4.       Have patients with a pregnancy of unknown location received written information about what to do if they develop any new or worsening symptoms?

5.       Has anti D been given to all nonsensitised rhesus negative patients following treatment for an ectopic?

Four red herrings

  1. The symptoms and signs of ectopic pregnancy can resemble the common symptoms and signs of other conditions. Consider offering a pregnancy test to women of reproductive age even when symptoms are non-specific.
  2. Beware that in otherwise fit young women symptoms of hypovolaemic shock occur very late, by which point they are very unwell.
  3. Exclude the possibility of ectopic pregnancy, even in the absence of risk factors such as previous ectopic pregnancy, because about a third of women with an ectopic pregnancy will have no known risk factors.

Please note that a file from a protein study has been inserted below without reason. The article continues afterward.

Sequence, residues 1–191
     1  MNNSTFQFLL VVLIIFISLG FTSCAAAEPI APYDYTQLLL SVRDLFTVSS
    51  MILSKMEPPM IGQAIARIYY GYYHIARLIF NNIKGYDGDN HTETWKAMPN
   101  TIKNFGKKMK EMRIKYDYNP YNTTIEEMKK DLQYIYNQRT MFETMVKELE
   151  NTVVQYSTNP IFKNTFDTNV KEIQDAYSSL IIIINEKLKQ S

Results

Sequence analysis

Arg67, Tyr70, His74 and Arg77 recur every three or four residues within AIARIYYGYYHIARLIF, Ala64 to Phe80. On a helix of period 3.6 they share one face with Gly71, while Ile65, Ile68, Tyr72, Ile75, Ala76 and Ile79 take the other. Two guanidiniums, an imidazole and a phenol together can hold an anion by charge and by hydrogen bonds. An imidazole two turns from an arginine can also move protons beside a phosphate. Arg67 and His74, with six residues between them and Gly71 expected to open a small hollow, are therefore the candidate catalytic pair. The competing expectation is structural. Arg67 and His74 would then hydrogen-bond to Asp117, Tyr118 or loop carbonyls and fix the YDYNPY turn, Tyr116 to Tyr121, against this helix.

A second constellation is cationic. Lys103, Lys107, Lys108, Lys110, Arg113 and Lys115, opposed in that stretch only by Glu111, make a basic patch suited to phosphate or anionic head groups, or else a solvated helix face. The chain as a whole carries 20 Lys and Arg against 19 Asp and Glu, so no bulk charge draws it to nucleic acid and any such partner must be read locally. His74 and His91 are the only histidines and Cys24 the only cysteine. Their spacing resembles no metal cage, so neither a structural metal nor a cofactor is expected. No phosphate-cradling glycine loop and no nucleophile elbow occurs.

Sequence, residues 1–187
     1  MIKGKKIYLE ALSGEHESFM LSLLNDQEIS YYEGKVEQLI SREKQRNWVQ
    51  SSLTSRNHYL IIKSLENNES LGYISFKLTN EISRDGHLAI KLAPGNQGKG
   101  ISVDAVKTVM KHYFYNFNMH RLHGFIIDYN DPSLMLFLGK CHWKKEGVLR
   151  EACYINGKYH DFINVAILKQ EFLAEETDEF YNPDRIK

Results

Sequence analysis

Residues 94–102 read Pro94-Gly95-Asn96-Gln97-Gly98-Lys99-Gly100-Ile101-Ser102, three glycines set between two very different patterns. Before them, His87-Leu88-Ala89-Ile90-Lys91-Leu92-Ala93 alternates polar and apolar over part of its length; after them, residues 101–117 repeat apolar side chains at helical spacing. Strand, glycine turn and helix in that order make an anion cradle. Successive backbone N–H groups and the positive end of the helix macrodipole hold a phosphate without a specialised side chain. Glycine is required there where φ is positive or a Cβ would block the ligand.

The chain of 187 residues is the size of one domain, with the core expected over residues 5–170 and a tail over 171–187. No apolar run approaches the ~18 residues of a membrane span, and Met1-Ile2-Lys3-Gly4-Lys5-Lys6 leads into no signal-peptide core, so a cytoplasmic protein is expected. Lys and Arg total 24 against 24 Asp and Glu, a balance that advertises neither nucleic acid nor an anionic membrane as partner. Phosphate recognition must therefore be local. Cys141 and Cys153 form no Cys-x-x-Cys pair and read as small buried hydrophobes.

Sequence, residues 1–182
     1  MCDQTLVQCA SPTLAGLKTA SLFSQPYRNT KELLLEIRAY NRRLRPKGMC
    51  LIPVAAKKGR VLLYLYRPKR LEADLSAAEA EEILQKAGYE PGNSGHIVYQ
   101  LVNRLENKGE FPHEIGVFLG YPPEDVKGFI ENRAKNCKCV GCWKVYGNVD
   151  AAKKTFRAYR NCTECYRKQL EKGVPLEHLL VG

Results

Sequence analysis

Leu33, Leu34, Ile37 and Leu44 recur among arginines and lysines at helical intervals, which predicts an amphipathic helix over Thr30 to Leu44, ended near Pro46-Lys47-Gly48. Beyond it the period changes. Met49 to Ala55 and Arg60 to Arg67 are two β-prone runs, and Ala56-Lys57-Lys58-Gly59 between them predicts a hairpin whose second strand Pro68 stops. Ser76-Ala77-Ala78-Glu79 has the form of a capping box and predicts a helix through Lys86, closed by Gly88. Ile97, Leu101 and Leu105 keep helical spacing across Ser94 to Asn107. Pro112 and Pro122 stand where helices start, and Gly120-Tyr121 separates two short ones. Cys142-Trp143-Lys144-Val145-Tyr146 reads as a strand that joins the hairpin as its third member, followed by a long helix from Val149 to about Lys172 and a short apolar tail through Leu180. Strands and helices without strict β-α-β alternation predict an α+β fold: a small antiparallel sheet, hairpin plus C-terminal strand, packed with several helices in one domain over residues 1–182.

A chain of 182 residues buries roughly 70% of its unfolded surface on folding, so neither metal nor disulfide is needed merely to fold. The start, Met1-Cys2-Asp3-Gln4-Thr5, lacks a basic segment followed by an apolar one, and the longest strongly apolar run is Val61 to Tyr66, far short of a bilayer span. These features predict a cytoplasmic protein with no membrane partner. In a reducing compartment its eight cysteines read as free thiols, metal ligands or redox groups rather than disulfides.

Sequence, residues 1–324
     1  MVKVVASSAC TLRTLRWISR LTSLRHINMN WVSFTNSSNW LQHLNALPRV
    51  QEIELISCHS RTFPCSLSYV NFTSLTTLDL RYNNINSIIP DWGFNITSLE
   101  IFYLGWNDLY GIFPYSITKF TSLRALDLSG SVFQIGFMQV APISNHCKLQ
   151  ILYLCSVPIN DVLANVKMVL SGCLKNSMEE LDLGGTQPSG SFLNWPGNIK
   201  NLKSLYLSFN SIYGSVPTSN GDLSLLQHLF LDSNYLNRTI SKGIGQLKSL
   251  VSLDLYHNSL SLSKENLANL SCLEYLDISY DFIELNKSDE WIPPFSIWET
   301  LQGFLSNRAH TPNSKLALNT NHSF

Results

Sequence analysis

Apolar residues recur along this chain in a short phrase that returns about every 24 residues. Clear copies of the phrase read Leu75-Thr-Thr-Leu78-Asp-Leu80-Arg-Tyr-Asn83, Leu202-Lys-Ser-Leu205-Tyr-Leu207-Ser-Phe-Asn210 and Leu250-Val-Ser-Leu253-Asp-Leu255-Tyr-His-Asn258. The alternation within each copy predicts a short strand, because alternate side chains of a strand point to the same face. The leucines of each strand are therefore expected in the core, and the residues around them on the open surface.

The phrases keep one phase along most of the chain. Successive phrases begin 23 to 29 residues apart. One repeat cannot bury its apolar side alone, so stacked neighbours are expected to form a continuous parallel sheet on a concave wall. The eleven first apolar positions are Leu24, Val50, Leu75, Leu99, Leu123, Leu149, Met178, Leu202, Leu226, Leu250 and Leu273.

4. An ectopic pregnancy needs to be ruled out if an intrauterine sac can not be identified on early pregnancy scan. Follow-up is required according to the local early pregnancy unit protocol.
  5. 30% of ectopic pregnancies present before a period has been missed.


Miss Leila Fahel is a senior registrar in obstetrics and gynaecology at Bradford Teaching Hospitals NHS Trust. Professor Sian Jones is a consultant in obstetrics and gynaecology at Bradford Teaching Hospitals NHS Foundation Trust.



1 NICE. (2012) CG154: Ectopic pregnancy and miscarriage. London

2 Royal College of Obstetricians and Gynaecologists. (2006) The management of early pregnancy loss (Green-top 25). London

3 Haeri S, Ezzati M, Gomez-Lobo V et al. (2010) Ectopic pregnancy. Best Practice, London: BMJ Publishing Group Ltd

4 Map of Medicine. (2011) Clinical editorial team and independent reviewers invited by Map of Medicine. London

5 Joint Royal Colleges Ambulance Liaison Committee. (2006) Haemorrhage during pregnancy (including miscarriage and ectopic pregnancy). Obstetric and Gynaecological Emergencies, London